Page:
Here’s a two-parter to start 2015 right. Also because I figured I should balance the horrible negativity of the first section with some positivity in the second since it’s a new year and all.
I was about to write that I had a seizure on Tuesday, but it was actually four nights ago. The near slip of my fingers wasn’t due to one of my normal Topamax-induced memory lapses, though I’m more than happy to pin a little of the blame on my favourite scapegoat, but rather to the fact that I slept for a cumulative thirty-four or so of the thirty-six hours following the seizure, thus losing an entire day. This, my friends, is postictal on crack, to use a saying popular among the kids of today (or so I’ve observed).
Warning: if you’re really queasy, you might want to stop reading. Things are about to get a little graphic.
I know, obviously, what it’s like to be postictal. Sleeping after a seizure is normal for me, as are headaches, nausea, and vomiting. But I’d never experienced anything like this. Painkillers wouldn’t appease my pounding head, I felt so nauseated that curling up in fetal position was the only way I could achieve any degree of comfort, and I threw up fifteen or so times over the course of the night and the next day despite the fact that I hadn’t eaten anything (gross, I know). I tried getting up a few times, but it was just too hard to keep my eyes open. For a while I harboured the delusion that I’d be OK to go for dinner with friends—after all, in all my years with epilepsy, the postictal period had never lasted this long, and I really really really wanted to see them. At a certain point, however, I had to admit defeat, sending my husband and promptly falling back asleep as soon as he had left. It was only after twenty-four hours that I felt well enough to go to the living room for a bit, and a few hours later, I went back to bed and slept until morning. I woke up feeling miraculously normal-ish.
I’m not sure why I’m opting to post a blog entry about this postictal episode, which, while an anomaly in many respects, was nonetheless simply an extreme version of what I experience after every tonic-clonic seizure. Epilepsy awareness, I guess? A weird need to be brutally honest?
I recently had a conversation with a friend about how especially in “real life” but even in my blog, I tend to gloss over the worst aspects of living with epilepsy. Not always, but often. Who wants to talk or read about vomiting and headaches and confusion and hours and hours of sleeping (especially the first item in this list) in any amount of detail? If someone asks how things are going, who expects to hear, even from a close friend, “Actually, I had a seizure last night and threw up several times. My muscles are still sore from all that convulsing, and I have a residual headache. So yeah, things kinda suck right now”?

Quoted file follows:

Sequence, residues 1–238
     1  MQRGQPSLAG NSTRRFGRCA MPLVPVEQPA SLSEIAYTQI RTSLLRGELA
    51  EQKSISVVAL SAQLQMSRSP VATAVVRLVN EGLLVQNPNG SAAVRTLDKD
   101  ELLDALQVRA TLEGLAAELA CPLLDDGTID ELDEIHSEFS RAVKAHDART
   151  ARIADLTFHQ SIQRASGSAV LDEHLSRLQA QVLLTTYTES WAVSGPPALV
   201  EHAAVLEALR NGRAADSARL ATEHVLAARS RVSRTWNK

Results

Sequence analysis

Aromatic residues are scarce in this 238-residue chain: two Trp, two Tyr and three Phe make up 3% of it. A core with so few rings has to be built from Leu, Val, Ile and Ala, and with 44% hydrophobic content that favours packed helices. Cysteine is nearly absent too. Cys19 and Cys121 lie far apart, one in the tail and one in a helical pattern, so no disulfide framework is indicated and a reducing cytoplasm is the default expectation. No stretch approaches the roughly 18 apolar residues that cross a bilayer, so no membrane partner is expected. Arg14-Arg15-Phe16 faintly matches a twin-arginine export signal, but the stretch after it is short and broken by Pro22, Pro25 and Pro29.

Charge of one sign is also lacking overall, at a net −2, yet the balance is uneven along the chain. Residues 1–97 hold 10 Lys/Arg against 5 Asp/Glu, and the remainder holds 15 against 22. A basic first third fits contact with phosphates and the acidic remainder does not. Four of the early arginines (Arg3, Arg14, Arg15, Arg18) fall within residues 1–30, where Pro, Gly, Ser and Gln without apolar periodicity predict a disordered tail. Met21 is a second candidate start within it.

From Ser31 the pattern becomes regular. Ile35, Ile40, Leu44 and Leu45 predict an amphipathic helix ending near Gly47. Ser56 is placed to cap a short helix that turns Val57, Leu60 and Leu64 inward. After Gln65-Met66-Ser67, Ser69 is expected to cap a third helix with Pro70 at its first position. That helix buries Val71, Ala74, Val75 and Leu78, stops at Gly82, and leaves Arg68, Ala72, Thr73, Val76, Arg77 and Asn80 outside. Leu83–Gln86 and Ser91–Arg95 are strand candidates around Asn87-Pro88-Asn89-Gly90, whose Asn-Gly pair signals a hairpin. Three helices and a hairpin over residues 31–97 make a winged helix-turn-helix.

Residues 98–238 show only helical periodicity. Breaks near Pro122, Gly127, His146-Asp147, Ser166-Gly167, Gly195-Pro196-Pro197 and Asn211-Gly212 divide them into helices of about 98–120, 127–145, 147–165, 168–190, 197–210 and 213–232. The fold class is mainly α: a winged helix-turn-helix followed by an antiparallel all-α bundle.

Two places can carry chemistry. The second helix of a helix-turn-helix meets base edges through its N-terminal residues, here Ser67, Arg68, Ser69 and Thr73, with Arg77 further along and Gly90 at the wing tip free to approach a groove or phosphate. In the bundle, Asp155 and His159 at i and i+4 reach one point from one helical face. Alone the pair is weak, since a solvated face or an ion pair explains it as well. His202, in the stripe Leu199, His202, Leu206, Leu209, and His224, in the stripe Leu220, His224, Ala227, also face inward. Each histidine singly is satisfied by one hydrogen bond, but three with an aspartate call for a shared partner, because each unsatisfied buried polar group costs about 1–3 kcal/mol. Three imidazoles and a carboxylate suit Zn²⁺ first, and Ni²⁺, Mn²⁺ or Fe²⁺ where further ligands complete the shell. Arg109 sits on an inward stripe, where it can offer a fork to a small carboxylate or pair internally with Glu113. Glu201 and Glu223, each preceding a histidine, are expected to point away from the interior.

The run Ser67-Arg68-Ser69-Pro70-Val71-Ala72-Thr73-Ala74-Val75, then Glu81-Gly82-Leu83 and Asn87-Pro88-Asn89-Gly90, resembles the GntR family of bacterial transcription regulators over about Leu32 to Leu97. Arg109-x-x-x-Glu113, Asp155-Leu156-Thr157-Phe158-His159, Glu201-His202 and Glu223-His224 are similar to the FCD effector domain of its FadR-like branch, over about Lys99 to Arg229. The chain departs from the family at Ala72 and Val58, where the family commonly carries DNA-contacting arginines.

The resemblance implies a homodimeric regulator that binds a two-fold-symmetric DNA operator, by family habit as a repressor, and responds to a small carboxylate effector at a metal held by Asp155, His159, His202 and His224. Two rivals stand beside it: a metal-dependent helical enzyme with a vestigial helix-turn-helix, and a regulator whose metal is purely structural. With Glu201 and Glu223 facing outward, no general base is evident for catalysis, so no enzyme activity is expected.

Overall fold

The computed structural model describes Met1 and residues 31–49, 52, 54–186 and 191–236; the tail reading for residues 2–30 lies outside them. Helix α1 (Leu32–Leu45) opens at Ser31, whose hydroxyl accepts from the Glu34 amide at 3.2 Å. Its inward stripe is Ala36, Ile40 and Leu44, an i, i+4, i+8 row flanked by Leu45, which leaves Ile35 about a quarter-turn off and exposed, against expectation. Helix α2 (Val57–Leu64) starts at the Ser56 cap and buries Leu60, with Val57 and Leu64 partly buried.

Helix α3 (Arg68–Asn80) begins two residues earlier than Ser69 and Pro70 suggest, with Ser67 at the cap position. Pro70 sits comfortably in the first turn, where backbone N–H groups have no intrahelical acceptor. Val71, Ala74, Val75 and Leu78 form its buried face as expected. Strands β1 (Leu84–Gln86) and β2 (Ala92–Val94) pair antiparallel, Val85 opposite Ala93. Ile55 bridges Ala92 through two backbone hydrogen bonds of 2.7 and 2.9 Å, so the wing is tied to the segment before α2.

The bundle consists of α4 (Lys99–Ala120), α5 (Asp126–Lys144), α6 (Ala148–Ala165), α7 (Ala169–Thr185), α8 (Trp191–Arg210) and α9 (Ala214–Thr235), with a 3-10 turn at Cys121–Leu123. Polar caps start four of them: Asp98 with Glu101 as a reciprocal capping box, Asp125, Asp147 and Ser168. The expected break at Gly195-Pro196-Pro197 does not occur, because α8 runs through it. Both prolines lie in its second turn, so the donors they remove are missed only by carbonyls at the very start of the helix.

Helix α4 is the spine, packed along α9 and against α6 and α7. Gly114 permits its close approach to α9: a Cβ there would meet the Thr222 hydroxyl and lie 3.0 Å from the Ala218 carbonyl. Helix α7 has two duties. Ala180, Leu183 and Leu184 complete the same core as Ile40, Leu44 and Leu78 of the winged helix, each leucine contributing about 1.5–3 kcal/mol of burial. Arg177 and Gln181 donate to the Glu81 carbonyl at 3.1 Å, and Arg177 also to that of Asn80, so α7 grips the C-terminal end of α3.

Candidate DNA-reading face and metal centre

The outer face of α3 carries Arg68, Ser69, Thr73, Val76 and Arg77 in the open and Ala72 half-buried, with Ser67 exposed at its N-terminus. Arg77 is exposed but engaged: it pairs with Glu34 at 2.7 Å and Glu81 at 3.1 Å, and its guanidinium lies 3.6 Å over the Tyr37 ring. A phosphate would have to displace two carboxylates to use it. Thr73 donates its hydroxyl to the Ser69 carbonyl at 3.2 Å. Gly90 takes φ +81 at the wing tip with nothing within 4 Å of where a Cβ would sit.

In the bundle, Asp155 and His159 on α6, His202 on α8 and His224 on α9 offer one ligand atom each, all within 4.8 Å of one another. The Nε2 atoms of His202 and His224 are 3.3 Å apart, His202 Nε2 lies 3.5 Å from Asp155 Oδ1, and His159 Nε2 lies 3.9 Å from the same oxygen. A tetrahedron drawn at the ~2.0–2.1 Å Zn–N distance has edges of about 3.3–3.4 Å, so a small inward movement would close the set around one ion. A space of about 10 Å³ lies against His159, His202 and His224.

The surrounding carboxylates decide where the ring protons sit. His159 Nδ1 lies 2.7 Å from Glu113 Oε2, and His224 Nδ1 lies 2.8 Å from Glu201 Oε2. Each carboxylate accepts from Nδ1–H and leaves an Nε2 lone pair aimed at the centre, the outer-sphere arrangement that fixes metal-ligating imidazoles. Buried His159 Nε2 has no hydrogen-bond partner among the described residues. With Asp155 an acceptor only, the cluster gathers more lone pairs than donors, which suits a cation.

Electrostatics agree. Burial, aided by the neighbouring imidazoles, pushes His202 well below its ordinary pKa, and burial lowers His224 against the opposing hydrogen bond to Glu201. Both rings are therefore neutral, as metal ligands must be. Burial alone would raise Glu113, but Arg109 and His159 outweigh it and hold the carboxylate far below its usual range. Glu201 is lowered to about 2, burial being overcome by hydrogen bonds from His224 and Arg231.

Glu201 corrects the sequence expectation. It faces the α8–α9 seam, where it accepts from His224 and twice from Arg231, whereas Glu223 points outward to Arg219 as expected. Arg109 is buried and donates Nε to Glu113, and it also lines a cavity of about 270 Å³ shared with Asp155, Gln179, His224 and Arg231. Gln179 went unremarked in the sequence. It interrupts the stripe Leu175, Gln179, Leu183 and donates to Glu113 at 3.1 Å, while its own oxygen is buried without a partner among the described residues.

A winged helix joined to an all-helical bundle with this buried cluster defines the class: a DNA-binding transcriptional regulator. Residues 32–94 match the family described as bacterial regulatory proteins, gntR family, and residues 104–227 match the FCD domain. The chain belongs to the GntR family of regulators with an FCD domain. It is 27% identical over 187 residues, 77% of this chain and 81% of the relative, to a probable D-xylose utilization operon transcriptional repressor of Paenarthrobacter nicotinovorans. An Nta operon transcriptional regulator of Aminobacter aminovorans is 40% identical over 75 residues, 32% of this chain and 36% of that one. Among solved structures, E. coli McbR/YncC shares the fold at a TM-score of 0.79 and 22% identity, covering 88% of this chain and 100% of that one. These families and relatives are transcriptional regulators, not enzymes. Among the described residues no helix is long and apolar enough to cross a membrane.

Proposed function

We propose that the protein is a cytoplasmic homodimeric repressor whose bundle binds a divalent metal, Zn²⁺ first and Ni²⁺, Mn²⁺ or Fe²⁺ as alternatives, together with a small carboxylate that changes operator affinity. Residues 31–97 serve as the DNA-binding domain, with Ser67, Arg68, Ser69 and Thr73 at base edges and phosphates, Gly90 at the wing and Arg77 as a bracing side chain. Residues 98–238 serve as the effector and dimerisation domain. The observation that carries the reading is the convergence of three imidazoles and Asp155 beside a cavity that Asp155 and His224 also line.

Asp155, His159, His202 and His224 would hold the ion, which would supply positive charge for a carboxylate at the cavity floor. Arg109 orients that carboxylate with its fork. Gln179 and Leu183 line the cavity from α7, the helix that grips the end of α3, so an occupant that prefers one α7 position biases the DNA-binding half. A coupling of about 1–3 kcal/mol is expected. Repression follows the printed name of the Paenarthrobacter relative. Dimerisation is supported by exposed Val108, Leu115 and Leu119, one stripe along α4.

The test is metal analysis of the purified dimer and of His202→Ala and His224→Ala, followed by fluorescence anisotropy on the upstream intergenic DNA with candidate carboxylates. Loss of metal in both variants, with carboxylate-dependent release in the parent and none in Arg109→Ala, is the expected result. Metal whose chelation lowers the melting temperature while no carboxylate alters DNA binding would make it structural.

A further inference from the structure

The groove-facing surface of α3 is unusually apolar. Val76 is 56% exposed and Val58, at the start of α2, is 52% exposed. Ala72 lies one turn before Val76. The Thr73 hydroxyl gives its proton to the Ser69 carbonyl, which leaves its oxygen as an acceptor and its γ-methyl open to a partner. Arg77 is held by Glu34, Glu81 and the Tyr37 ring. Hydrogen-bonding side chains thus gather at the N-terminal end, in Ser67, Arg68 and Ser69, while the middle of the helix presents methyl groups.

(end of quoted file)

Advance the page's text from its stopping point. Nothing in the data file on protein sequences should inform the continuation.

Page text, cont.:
Of course, the vast majority of the time, that’s not how I want to reply: social conventions exist for a reason, and putting it all out there in every casual interaction wouldn’t be good for me or for my relationships. But there’s also something to be said for openness, in the right circumstances. The tricky thing, I suppose, is determining what these right circumstances are.
Given that I emerged from my epic slumber on Wednesday morning, which happened to be New Year’s Eve Day (yes, this is a thing), I wasn’t sure if we’d make it out that night. However, I felt better and better as the day went on, I’m incredibly stubborn, and I was determined to celebrate this year. We thus made our way to a relatively small gathering with friends.
Though I decided in advance not to drink (not a big deal—I never consume more than half a beer these days anyways) and we vowed to leave on the early side in the interest of energy-preservation, I was still a little hesitant, mostly because after such a terrible seizure only a few days previous, I couldn’t quite shake that little voice in the back of my head reminding me that it could happen again, this time in someone else’s home in front of other people, potentially ruining New Year’s Eve and, by logical extension, all of 2015 for everyone in attendance.
It didn’t. We had a great time. I rang in the New Year with MADD-branded no-alcohol sparkling wine. We got home later than we meant to, but what can you do.
Happy New Year, y’all. Thanks for making 2014 such a successful year for my blog, and I hope that 2015 brings all good things for you and your loved ones.